Farmscape for October 7, 2021
The Assistant Vice President and General Counsel with the National Pork Producers Council warns the implications for pork producers of California's Proposition 12 extend beyond that state to the rest of the United States and even other countries.
The National Pork Producers Council and the American Farm Bureau Federation have petitioned the U.S. Supreme Court to consider the constitutionality of California’s Proposition 12, due to take effect January 1, which would ban the sale of pork from hogs that don’t meet that state's production standards.
Michael Formica, the Assistant Vice President and General Counsel with the National Pork Producers Council, notes under the U.S. constitution one state is not allowed to impose a tax or regulatory requirements to inhibit trade with other states or countries.
Clip-Michael Formica-National Pork Producers Council:
California was supposed to issue regulations on how to comply with Prop 12 back in September of 2019.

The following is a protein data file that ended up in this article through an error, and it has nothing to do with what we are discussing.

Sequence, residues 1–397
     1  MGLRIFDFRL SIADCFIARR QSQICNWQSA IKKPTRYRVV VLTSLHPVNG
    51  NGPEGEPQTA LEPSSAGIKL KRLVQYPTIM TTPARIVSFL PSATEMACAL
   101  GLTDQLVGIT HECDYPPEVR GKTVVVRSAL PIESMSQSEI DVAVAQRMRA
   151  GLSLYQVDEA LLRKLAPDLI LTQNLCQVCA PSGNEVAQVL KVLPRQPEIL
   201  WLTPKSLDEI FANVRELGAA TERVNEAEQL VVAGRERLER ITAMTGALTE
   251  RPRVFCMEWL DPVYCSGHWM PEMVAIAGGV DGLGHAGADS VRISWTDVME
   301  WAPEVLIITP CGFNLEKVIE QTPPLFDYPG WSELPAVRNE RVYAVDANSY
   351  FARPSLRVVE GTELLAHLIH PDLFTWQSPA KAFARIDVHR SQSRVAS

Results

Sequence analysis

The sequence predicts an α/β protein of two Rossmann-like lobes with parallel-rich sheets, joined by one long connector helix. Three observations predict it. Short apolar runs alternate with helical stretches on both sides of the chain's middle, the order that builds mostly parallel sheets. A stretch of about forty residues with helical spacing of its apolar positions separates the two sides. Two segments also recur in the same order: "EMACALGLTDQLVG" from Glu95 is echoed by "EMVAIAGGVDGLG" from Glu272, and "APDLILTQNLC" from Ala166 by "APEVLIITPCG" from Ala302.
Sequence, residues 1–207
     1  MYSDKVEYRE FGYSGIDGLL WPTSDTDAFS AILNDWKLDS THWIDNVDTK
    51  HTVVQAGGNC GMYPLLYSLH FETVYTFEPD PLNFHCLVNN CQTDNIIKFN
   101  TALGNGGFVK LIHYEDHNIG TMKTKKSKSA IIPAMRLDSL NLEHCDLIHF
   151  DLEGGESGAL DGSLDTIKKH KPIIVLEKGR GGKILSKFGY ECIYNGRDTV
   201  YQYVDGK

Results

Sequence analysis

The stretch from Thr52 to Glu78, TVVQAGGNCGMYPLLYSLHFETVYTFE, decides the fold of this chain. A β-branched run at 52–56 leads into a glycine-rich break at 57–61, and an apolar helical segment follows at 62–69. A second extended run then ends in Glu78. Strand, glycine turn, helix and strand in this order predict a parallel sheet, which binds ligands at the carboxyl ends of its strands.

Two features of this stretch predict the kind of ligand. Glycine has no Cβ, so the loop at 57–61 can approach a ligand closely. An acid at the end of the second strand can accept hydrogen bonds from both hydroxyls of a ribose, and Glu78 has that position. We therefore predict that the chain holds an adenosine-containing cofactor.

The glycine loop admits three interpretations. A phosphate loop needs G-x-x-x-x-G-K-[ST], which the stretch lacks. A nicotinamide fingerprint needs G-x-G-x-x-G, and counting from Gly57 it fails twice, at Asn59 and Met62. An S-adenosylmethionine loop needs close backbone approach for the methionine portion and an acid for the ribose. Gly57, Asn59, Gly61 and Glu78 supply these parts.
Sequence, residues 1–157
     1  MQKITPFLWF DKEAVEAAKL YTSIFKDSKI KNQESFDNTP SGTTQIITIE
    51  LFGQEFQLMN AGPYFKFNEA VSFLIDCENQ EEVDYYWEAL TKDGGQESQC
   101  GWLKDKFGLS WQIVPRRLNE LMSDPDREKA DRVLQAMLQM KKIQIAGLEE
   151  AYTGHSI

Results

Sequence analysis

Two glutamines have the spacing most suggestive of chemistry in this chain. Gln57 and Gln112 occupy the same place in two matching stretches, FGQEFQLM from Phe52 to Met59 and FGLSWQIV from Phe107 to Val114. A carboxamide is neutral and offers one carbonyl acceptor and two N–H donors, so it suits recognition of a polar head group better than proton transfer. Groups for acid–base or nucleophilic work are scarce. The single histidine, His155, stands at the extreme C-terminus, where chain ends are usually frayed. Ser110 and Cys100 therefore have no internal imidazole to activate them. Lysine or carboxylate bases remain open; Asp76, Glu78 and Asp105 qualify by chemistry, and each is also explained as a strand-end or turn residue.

This summer they issued a proposed rule.
The comment period on that proposed rule closed on August 27.
They are not anywhere near done drafting the final rule.
In fact, in that comment period, the Republic of Canada even weighed in and requested that California enter into trade negotiations with the Republic of Canada because of the impact that this law will have with California trying to reach into Canada to try to regulate production in Canada.
Under the U.S. constitution, an individual state can't negotiate separate trade terms with a foreign country.
That eliminates the entire reason we exist as a country going back to 250 years.
Formica suggests the implications extend beyond pork to all other commodities produced in one state and sold in another.
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